Like all first-class slow leg-breakers he did not make the ball turn too much. He bowled the googly with a clever, disguise of intention, and one of his most successful deliveries was the top-spinner with which he got so many men leg-before. Above everything else, however, he kept a practically perfect length. Only on rare occasions did he send down a loose ball.

Jack Hobbs is cleaned up by Clarrie Grimmett at Lord’s, 1930

A pronounced feature of his attack could be seen in the skillful manner in which he lured a batsman by clever flighting without change of action. Nearly always when a hitter like Chapman went in, Grimmett would toss the ball in the air with a higher trajectory than usual.

Associated with three brothers of the name of Harris when he first played in a properly organised team for the Mount Cook Boys’ School, at Wellington, Grimmett learned from them how to spin the ball and one of his teachers – a Mr Hempelman – gave him much good advice but, generally speaking, he was as a youth a fast bowler.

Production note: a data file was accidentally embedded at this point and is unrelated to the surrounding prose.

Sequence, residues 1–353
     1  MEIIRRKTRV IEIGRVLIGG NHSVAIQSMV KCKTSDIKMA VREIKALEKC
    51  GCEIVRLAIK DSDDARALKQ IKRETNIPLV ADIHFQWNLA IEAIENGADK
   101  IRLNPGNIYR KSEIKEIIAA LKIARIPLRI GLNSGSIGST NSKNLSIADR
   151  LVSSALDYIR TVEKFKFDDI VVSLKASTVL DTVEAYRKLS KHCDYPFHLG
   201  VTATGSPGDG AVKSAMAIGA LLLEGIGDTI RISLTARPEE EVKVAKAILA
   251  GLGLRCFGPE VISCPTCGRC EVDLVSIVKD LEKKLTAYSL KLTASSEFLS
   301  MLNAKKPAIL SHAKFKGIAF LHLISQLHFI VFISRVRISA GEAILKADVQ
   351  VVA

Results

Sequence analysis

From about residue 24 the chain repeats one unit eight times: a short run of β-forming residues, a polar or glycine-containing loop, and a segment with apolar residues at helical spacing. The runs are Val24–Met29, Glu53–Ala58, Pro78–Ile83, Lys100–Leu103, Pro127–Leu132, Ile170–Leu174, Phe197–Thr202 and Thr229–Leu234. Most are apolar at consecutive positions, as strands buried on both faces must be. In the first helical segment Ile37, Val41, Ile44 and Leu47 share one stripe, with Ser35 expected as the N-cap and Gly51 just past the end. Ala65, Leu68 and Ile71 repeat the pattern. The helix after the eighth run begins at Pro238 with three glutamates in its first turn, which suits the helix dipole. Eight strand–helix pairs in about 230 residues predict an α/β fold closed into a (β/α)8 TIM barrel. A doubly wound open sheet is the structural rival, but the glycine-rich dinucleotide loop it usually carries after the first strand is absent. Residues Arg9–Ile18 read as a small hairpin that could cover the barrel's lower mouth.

The first time he bowled a leg-break in those early games he took a wicket but despite the fact that his teacher told him not to bowl fast any more he continued to do so and obtained seven wickets for three runs in a schools match for Wellington against Wairarapa.

Still Mr Hempelman persevered with him and some remarkable successes showed Grimmett conclusively the value of slow bowling. Joining Wellington East he found that club so strong that he did not get a chance in their first eleven and he nearly gave up the game but it was in one of the matches for this team that he first bowled the “bosie” – or, as we know it, the “googly”. Five of the Wellington Central wickets fell and Grimmett took them all.